Tag Archives: Blues Alley

The Georgetown Metropolis

3100 block of Blues Alley

 

3100 block of Blues Alley

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The Georgetown Metropolis

Blues Alley

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The Georgetown Metropolis

Blues Alley

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Filed under The Georgetown Metropolis

The Georgetown Metropolis

3100 block of Blues Alley

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Filed under The Georgetown Metropolis

The Georgetown Metropolis

3100 block of Blues Alley

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Filed under The Georgetown Metropolis

The Georgetown Metropolis

3100 block of Blues Alley

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Filed under The Georgetown Metropolis

The Georgetown Metropolis

3100 block of Blues Alley

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Filed under The Georgetown Metropolis

Pop A Cork in Georgetown on New Year’s Eve

While 2009 is nearly done, there are still plenty of new year’s eve options available out and about in Georgetown. So chill the bubbly and check out GM’s list below.

Any discussion about new year’s eve in Georgetown must start with perennial aud lang syner Ahmad Jamal at Blues Alley. There are two shows that night, one at 6:30 and one at 10:00. Neither is cheap; the early show is $110 a person, the later show is $160 a person. Both types of tickets come with a dinner and free non-alcoholic drinks. The later show provides hats, noisemakers, and free champagne.

If, however, you’re looking for a truly decadent and extravagant new year’s, there’s just one option: Citronelle. They’re offering a “gourmand 6 course” prix fixe dinner. It’s a mere $300 per person. If you want wine with that, it’s only $150 more per person! Another reason to go? It may be your last chance to ring in the new year at the legendary restaurant since it may close in 2010. Continue reading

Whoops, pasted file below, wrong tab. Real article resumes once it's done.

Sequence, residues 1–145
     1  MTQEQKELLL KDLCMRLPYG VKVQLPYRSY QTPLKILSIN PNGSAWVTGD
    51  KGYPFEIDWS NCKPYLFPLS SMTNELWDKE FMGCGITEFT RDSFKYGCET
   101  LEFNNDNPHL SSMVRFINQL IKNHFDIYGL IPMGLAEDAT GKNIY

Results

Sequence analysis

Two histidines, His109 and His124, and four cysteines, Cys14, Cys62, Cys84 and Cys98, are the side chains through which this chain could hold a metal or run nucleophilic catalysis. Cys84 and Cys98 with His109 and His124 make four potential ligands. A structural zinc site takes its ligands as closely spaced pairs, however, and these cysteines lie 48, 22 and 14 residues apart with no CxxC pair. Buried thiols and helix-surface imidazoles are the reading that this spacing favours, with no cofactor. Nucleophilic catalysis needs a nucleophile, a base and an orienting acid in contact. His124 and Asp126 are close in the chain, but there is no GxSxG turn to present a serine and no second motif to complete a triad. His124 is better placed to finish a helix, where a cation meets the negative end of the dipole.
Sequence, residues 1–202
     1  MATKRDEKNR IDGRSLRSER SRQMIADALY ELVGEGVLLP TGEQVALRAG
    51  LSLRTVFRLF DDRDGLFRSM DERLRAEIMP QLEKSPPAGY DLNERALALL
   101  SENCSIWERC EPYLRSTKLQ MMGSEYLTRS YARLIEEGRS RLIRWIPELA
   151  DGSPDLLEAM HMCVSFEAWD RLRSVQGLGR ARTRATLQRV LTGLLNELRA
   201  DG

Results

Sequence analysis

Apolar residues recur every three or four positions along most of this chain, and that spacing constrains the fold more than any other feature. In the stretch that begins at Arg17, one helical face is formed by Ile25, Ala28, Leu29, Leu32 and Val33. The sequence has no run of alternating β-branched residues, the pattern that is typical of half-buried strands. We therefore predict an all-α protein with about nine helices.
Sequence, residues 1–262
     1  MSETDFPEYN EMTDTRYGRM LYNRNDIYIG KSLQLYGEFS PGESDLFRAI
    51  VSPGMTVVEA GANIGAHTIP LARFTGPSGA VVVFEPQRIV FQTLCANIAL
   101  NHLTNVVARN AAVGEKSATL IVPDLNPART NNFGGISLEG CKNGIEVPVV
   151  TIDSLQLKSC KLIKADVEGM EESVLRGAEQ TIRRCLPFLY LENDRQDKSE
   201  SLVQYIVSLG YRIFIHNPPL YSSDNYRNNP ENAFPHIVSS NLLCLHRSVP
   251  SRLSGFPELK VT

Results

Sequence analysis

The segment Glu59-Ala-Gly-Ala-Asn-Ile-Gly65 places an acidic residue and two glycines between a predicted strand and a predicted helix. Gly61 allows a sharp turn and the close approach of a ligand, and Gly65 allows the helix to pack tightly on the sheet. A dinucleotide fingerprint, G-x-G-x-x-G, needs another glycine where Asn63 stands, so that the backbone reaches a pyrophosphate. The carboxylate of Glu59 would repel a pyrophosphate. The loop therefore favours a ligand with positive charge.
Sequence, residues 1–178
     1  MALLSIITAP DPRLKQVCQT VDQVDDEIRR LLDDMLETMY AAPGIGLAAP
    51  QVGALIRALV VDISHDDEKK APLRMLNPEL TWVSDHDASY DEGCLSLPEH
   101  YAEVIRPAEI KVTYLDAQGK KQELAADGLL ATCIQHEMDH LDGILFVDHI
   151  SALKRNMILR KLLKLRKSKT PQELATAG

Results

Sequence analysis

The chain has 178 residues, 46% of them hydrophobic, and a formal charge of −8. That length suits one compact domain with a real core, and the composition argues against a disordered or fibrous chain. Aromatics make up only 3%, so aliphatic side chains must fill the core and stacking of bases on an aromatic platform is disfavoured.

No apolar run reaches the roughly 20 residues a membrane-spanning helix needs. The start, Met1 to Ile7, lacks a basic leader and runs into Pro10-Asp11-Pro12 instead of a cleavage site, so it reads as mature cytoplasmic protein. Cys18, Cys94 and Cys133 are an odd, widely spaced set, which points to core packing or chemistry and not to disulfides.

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Georgetown’s Past Featured in WETA Documentary

Courtesy of WETA

This week WETA is broadcasting an excellent documentary on the history of Washington through the 1960’s. Given that this included the Kennedy era, unsurprisingly Georgetown is prominently featured.

Besides rhapsodizing briefly on the link between the Kennedy mystique and Georgetown, the documentary’s first specific Georgetown reference is to mention the late great Rive Gauche restaurant. The fancy French restaurant on the northwest corner of Wisconsin and M was the standard of fine cuisine in the city in its time. Washington native Maury Povich states in the documentary “We always thought when we were young that you had to have a lot of money to go to Rive Gauche. That was picking at High Cotton.”

The documentary also briefly mentions Clyde’s (which opened in 1963, inspired at least in part by a stray New Yorker left lying around a beatnik hang-out on 31st St.) and Blues Alley. Continue reading

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